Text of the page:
Tuesday, June 1, 2010

Book Review: The Lost Symbol


In Dan Brown's latest adventure, the author's fantasy autobiographical bookworm hero Robert Langdon scrambles around Washington D.C. in search of a fabled Masonic treasure that will secure the life of a dear friend and colleague.
All of the staple elements of a Robert Langdon adventure are in place. Locations chock-full of historic symbolism, a scavenger hunt of disguised clues leading to a long-lost artifact of power, and a villain who is sadistically driven and physically deformed. The latter, in this book's case, is a creature tattooed from head to foot and sculpted through years of steroid use and physical obsession.
The book begins in form as well. Langdon is rushed into a setting at the urging of an old friend, only to find that old friend's hand severed and pointing towards the ceiling of the Capitol Rotunda. From there he embarks on a goose chase through a number of conveniently placed escapes while he evades the authorities who may or may not be trying to help him in the pursuit of a secret kept hidden for centuries by the Masons.
Symbol, in my opinion, is the weakest of the three Langdon novels. The story does not produce the depth of paradigm shift present in Da Vinci Code, and the action is not as hair-raising as Angels and Demons. The grand revelations at the end of the book come up a little short and the big mystery is held out in front of the running reader for a little too long. As opposed to Da Vinci where at the end of Act I a codgy old brit explains in detail the background of the "Holy Grail" mystery, giving the book it's foundation or in Angels, where the reader knows almost immediately that 4 cardinals are missing and the Vatican is going to be blown up at midnight, providing the urgency.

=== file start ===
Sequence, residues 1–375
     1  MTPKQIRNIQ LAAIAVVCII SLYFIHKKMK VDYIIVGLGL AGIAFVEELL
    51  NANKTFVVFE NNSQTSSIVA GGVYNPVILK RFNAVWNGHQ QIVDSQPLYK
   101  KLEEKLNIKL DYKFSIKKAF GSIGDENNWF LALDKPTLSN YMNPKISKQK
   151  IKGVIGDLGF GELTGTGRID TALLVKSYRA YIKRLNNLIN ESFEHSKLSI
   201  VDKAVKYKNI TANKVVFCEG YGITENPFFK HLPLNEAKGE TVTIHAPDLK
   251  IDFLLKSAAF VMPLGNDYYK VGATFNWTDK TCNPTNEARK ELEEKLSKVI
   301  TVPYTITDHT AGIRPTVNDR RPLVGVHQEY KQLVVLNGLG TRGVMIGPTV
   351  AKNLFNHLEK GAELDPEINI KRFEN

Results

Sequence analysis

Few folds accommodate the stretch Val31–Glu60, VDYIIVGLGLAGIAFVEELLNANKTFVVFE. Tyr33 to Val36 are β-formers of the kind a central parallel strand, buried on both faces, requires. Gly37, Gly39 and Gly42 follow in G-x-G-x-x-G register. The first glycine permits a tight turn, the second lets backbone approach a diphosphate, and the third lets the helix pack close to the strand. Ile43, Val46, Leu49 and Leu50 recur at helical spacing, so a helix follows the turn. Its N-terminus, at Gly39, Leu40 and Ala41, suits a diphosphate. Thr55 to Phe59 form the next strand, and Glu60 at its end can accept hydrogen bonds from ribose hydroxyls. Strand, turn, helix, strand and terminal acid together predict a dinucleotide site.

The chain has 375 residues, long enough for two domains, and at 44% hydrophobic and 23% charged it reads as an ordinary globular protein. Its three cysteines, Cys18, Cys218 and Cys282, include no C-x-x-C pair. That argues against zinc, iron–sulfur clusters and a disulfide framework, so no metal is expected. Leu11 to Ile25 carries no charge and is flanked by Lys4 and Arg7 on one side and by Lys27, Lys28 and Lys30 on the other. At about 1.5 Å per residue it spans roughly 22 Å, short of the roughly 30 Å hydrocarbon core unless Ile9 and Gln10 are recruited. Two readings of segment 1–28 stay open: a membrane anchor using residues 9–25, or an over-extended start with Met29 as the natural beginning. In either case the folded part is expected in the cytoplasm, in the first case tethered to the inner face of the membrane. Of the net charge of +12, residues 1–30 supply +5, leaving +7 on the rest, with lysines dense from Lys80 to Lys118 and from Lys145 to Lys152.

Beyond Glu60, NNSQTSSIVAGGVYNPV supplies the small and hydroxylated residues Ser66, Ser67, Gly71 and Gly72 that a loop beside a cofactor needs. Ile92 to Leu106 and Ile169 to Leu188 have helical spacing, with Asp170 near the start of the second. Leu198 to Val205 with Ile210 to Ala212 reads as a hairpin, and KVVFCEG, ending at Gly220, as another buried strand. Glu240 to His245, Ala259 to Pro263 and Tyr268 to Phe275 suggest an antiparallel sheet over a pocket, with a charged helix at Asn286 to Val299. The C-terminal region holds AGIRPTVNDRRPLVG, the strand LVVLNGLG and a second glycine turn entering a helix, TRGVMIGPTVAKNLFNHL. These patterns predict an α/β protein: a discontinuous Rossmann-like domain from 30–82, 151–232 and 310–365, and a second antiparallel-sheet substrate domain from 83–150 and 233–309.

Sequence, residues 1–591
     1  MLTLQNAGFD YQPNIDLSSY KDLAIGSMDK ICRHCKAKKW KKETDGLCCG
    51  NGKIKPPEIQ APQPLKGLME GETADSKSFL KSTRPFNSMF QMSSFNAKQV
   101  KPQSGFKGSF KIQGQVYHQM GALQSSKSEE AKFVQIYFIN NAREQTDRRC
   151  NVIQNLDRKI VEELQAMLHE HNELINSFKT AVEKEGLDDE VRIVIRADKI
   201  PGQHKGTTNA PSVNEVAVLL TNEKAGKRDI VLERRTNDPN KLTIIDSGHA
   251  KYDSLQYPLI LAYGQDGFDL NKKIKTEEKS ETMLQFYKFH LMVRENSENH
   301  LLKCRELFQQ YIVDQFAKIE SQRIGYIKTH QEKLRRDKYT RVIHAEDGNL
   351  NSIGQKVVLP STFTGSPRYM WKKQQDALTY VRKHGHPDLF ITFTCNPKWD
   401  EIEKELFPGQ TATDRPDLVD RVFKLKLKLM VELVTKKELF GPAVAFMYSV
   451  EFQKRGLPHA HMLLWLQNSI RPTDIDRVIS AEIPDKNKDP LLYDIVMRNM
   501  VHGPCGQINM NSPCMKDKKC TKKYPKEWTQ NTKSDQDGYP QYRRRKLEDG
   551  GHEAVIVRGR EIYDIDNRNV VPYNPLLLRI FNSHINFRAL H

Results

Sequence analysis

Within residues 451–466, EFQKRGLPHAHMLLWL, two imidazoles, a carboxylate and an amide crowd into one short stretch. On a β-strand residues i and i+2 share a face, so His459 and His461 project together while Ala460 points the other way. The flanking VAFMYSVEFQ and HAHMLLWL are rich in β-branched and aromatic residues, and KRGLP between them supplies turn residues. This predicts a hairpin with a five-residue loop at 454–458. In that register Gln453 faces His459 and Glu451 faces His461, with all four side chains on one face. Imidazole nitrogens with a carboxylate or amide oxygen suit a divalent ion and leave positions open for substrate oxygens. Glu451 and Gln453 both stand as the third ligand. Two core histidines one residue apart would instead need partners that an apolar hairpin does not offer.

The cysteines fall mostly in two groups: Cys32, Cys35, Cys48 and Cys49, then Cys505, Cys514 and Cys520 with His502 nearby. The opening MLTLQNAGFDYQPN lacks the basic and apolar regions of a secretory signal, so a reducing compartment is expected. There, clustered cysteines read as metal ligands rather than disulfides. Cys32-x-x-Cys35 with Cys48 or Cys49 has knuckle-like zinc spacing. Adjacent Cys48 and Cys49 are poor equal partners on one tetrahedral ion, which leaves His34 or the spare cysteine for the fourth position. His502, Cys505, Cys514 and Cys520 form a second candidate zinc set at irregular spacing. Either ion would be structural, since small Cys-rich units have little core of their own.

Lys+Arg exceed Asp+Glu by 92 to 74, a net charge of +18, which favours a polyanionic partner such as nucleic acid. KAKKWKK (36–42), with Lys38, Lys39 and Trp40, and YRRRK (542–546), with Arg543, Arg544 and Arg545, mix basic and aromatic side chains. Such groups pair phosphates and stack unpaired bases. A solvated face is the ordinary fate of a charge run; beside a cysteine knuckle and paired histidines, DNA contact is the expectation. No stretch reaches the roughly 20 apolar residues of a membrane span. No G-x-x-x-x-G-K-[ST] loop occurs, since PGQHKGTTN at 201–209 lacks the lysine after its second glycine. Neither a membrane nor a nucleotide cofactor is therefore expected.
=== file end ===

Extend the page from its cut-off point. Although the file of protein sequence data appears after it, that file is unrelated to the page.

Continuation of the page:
Symbol has neither of those things. We are asked to sit and watch as Langdon and his after-thought cliche of a love interest race against an un-specified time to discover and un-specified thing, and when the curtain is finally pulled back, we realize that there is no wizard, just an old man talking into a megaphone.
Still, that is not to say that book does not have it thrills. It is laden with the same google-inducing trivia that Brown is famous for and while not being as taught as its predecessors, the story still compels you to turn the page. Brown also scores bonus points for one particularly well crafted series of events that take place in the antagonist's home and makes you wonder exactly how the story is going to make its walks it way out of the corner.
All in all, its a good smart read full of interesting morsels of information that blend science, faith, and popcorn entertainment in a way that only Brown knows how to do.
B

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